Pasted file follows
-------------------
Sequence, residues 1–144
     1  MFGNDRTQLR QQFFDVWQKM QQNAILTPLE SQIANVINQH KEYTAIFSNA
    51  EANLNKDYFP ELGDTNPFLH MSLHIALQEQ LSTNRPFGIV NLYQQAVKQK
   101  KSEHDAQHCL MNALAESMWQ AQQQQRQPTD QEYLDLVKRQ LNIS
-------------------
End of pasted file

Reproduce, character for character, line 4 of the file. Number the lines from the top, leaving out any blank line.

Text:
   101  KSEHDAQHCL MNALAESMWQ AQQQQRQPTD QEYLDLVKRQ LNIS